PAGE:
Baptists' Traditions Make It Hard to Oust Sex-Abusing Clergy
The clergy sexual abuse statistics were staggering.
Local reports from angry, hurt and humiliated laypeople were too horrifying to ignore.
So the assembled church leaders decided they had to say something and had to call for some kind of action because they were facing a nasty moral crisis.
"We encourage those religious bodies dealing with the tragedy of clergy abuse in their efforts to rid their ranks of predatory ministers," said their June 12 resolution. "We call on civil authorities to punish to the fullest extent of the law sexual abuse among clergy and counselors.
"We call on our churches to discipline those guilty of any sexual abuse ... as well as to cooperate with civil authorities in the prosecution of those cases."
Thus, the "messengers" to the annual meeting of the Southern Baptist Convention acknowledged that America's largest non-Catholic flock has been hit by waves of clergy sexual abuse affecting untold numbers of women, men, teenagers and children. The resolution, which passed with little opposition, called for "ministers of the Gospel -- whether they are pastors, counselors, educators, missionaries, chaplains or others -- to be above reproach morally, both within the body of Christ and in the larger community."
The intent is clear. Yet this statement also demonstrates why it will be hard for freewheeling and autonomous Protestant congregations to attack clergy sexual abuse.
While news media have repeatedly focused on abuse among Catholics, Protestant insiders have also long known that many of their own clergy -- especially youth workers and pastors who do counseling -- were breaking the laws of God and man.
"The incidence of sexual abuse by clergy has reached 'horrific proportions,' " according to a 2000 report to the Baptist General Convention of Texas. It noted that studies conducted in the 1980s found that about 12 percent of ministers had "engaged in sexual intercourse with members" and nearly 40 percent had "acknowledged sexually inappropriate behavior."
Sadly, this report added: "Recent surveys by religious journals and research institutes support these figures. The disturbing aspect of all research is that the rate of incidence for clergy exceeds the client-professional rate for both physicians and psychologists."
Where does the buck stop when sexual abuse hits Protestant pulpits? The Southern Baptist resolution calls on local churches to discipline sex offenders. Yet the most powerful person in modern Protestantism is a successful pastor whose preaching and people skills keep packing people into the pews. Can his own church board truly investigate and discipline that pastor?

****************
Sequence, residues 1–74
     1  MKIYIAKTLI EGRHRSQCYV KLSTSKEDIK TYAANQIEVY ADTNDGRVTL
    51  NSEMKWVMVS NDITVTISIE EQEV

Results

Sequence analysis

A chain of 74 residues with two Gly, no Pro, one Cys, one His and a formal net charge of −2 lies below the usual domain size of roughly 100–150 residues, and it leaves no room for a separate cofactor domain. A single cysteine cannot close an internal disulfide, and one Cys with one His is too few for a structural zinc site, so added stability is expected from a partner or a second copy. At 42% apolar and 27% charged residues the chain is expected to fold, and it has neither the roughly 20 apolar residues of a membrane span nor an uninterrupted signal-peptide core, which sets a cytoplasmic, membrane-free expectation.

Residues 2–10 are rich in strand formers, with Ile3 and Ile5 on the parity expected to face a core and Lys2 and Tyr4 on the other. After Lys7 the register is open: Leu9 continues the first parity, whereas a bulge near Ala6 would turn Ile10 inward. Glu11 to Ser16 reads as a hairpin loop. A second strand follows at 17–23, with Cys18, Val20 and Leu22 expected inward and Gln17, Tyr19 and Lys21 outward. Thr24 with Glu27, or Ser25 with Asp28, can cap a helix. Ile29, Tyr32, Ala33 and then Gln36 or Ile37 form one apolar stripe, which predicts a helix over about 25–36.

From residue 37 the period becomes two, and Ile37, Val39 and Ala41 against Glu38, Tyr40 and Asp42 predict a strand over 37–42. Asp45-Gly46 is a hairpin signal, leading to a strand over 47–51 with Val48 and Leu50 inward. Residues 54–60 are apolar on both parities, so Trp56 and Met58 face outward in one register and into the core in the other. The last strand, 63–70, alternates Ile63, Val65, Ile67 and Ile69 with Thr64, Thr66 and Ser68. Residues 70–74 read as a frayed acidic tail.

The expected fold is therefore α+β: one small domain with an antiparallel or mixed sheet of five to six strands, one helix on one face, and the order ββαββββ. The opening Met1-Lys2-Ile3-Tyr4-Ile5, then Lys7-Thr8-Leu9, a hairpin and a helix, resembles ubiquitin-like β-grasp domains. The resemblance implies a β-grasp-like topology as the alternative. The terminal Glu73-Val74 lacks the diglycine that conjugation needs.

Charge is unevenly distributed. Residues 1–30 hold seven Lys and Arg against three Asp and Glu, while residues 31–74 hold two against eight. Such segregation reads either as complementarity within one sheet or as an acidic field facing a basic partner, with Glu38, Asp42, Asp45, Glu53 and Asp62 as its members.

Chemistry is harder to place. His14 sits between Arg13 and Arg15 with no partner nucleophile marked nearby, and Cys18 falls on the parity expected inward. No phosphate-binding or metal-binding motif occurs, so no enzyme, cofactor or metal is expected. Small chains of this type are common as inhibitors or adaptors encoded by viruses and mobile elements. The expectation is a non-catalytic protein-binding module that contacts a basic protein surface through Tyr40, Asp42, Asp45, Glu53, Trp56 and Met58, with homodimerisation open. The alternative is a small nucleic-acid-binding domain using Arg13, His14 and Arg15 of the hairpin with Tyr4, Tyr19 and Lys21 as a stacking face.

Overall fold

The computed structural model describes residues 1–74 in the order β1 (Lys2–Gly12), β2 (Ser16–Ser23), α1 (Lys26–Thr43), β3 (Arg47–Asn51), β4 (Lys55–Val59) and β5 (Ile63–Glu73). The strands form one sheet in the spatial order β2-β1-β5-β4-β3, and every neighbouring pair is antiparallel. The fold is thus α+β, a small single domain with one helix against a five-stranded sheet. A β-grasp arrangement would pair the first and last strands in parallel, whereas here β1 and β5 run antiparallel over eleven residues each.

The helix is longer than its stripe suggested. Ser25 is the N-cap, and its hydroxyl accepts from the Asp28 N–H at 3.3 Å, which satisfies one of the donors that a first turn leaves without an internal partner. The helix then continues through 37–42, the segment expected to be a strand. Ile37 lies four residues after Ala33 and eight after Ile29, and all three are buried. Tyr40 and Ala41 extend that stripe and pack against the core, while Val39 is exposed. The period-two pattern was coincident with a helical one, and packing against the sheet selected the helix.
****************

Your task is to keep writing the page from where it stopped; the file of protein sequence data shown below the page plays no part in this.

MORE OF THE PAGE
Once that question is asked, others quickly follow.
If the board of deacons in a Southern Baptist congregation faced an in-house sex scandal and wanted help, where could it turn? It could seek help from its competition, the circle of churches in its local association. Or it could appeal to its state convention. In some states, "conservative" and "moderate" churches would need to choose between competing conventions linked to these rival Baptist camps. Or could a church appeal for help from the boards and agencies of the 16 million-member national convention?
Everything depends on that local church, and everything is voluntary. One more question: What Baptist leader would dare face the liability issues involved in guiding such a process?
"Just think of all the places where this process could go off the rails," said historian Timothy Weber, dean of Northern Baptist Theological Seminary near Chicago. "One church would have to take the initiative to voluntarily report the information on a bad pastor. Then another church would have to voluntarily go through the process of asking for information so that they can screen a pastor that it is thinking about hiring."
Some state conventions might have the staff and know-how to create a data bank of information of clergy sexual abuse. But for Baptist leaders to do so, they would risk clashing with their tradition's total commitment to the freedom and the autonomy of the local congregation.
"The fact is," said Weber, "there is no Baptist clearing house for this information -- anywhere. There is no one keeper of the files, nobody out there who has the power to intervene when something goes wrong and people start pointing fingers. There is no there, out there."
Terry Mattingly teaches at Palm Beach Atlantic College and is senior
fellow for journalism at the Council for Christian Colleges & Universities.
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